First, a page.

In a classical concert the
first point to note was whether the bandish (composition) which the singer had
started to sing was mustanid (authentic). The older the bandish, more mustanid
it was considered to be, for the real greatness of a singer lay in the fact that
he sang the bandish of a well known ustad. If he sang one of a lesser-known
ustad, or worse still, sang his own composition he was considered to be not too
well trained. It was thought that something was lacking in his musical
Usually the singers sang the
bandish of their own gharana, composed by the elders of their family. A few
others ascribed to the truly great ones like Tansen, Amir Khusro, Swami Haridas,
Hussain Sharqi Jaunpuri etc whose work is considered part of our musical
The bandish in khayal usually
sung in our time are ascribed to Naimat Khan Sadarang, an 18th-century composer,
who gave kheyal its modern form, Adarang, Tanras Khan, Mian Meherbaan, Bilas
Khan and many other ustads who have left an indelible mark on the development of
The second point to note was
that of improvisation. The raag being a structure of notes had to be improvised
upon, which meant that in its expansion, no set pattern or a preconceived
movements had to be followed. The prescribed notes of the raag and a few
artistic restrictions were the only rules which the singer could adhere to --
the rest of it was an open field where the singer had to improvise the musical
movements as he went along.
Whatever lai (tempo) was
established proved to be only a reference point, for whenever the improvised
movement ended it was wound up on the sum (the beginning of a rhythmic cycle).
There was no restriction as to how many rhythmic cycles were to pass before the
singer decided on the arrival of the chosen sum. It was all left to the musical
ability of the singer as the true merit lay in 'azaad gana'. The real essence of
our music and the creative genius of the singer lay in the number of musical
movements he could make on the given notes of the raag within endless rhythmic
The present song is all
composed. Words and phrases are set to definite rhythmic patterns and the singer
cannot escape but follow it religiously. This has reduced the scope of our music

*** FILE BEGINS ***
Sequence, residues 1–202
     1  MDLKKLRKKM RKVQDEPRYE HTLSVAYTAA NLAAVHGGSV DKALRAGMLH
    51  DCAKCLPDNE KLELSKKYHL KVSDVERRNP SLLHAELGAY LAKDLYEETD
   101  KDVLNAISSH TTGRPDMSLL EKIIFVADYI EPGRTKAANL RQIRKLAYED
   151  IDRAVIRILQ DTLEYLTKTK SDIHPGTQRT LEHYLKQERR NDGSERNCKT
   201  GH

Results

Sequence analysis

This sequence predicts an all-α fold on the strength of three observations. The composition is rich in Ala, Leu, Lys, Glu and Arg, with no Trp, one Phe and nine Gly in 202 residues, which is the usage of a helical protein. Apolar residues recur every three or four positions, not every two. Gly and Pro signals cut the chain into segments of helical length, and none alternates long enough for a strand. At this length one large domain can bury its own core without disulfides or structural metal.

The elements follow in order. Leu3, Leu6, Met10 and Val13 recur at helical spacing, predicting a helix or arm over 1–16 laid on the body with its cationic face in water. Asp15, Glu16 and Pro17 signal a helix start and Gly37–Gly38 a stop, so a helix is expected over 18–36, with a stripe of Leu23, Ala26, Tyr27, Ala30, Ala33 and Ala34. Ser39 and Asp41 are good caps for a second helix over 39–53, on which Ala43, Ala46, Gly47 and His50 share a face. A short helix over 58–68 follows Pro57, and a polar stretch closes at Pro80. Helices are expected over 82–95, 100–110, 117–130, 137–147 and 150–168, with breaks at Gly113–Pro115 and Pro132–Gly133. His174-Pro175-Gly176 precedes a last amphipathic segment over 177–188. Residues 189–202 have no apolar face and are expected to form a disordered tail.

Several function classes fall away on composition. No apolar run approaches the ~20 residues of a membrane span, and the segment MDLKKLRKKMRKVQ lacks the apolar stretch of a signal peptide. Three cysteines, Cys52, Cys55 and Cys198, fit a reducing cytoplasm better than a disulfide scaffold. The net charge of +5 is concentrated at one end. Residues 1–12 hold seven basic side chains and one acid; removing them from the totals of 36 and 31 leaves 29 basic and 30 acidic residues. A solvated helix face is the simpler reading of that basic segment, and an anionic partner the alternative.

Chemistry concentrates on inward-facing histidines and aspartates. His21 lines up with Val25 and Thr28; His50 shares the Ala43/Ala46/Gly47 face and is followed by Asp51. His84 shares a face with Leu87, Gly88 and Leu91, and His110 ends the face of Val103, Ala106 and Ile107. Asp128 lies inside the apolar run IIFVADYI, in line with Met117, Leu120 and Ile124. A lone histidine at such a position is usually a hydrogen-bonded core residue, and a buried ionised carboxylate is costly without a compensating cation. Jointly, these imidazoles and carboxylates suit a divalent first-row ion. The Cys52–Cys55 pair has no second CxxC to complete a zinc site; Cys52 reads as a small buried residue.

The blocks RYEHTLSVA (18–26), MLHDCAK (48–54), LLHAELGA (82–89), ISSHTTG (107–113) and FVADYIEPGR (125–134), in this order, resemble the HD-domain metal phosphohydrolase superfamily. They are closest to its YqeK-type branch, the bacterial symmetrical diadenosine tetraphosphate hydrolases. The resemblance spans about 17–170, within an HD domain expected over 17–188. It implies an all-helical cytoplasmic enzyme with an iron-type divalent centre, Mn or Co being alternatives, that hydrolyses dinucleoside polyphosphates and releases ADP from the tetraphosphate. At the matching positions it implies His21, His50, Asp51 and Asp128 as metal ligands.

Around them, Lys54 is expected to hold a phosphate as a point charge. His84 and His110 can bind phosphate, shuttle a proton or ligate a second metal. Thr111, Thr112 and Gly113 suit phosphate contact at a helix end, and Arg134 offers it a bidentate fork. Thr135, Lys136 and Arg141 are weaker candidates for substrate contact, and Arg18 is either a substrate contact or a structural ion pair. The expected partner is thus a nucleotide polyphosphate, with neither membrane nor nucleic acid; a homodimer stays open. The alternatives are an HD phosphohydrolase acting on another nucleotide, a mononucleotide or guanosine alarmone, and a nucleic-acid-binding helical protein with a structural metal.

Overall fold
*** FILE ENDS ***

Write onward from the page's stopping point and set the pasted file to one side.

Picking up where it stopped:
and changed its character. The virtue of improvisation has been totally
eliminated. The entire song is as if prepared and then presented to the singer
for him to just mouth it.
This change started coming
about gradually with the invention of the recording facilities. The duration of
the song was limited to three minutes, which meant it had to be a composed
number and the improvisation was severely restricted, but actually outside the
studio where true music thrived the traditional practice of azaad gana: was
still considered the true merit of a musical performance.
The music is now meant for
recording in properly-equipped studio and the worth of a live concert where the
singer had to sing for hours has been on the decline. There is also no concept
of one singer following another in a nightlong concert, and confront the basic
problem of how to dispel the spell of the previous singer -- perhaps the most
difficult breakthrough to achieve.
The stress on creativity now
has shifted to merely the composition and the composition has to be original.
Since the entire musical performance has concentrated on the composition, the
stakes of it being original have been raised. The composers bend over backwards
and strive for originality and creativity in composition only. The older
composition, which only formed a part of the performance, was musically rendered
again and again with difference of stress and musical movements as if to bring
out the full and hidden merits of the composition. That could be possible
because it was the raag that ruled musically over the composition. The
musicality inherent in the raag was brought out rather than the mere set of
notes in the composition itself.
Now since there is no raag the
composition is critical as it solely bears the burden of musicality. Instead of
the notes of the raag, what motivates the composition is the lyrics. In
classical music the lyrics were incidental, used as pegs for the expansion of
the raag. It was a purer form of music where even words happened to intrude on
the purity of sound.
Our music is modal and rests
for aesthetic evocation on melody. The artistic device that make melody possible
are the shrutis or the microtones. The musical graces in one form or the other
are the artistic combination of these microtones. Now in our contemporary music
all these things have become obsolete -- no one uses the nuance because it can
only be correctly used in the vilambit lai (the slow tempo) as the various
shades of a particular notes are being evoked. The composition as a result of a
number of notes is best done in the madh lai (medium tempo), the laya that is
more suitable for the song format. The music that is being played and sung today
is all in the madh lai while the vilampat lai as well as the drut lai (the fast
tempo) have been consigned to oblivion. In the contemporary music one rarely
comes across a number in the slow or fast tempo -- usually it is all sung in the
same tempo -- the madh lai.
So the main characteristics of
today's music are lyrics, composition built round it and the song format in the
middle tempo. Similarly the rich rhythmic patterns which could be played at any
tempo have been simplified to minimize the possibility of melodic variation.
Layakari in the traditional
sense was not the display of how the given rhythmic pattern be sub divided but
how it could serve the purposes of melody within those various subtle
sub-divisions of the rhythmic cycle.
Since music was based on melody
the significant aesthetic criteria was raga. It seems that the contemporary
music is losing out just on that.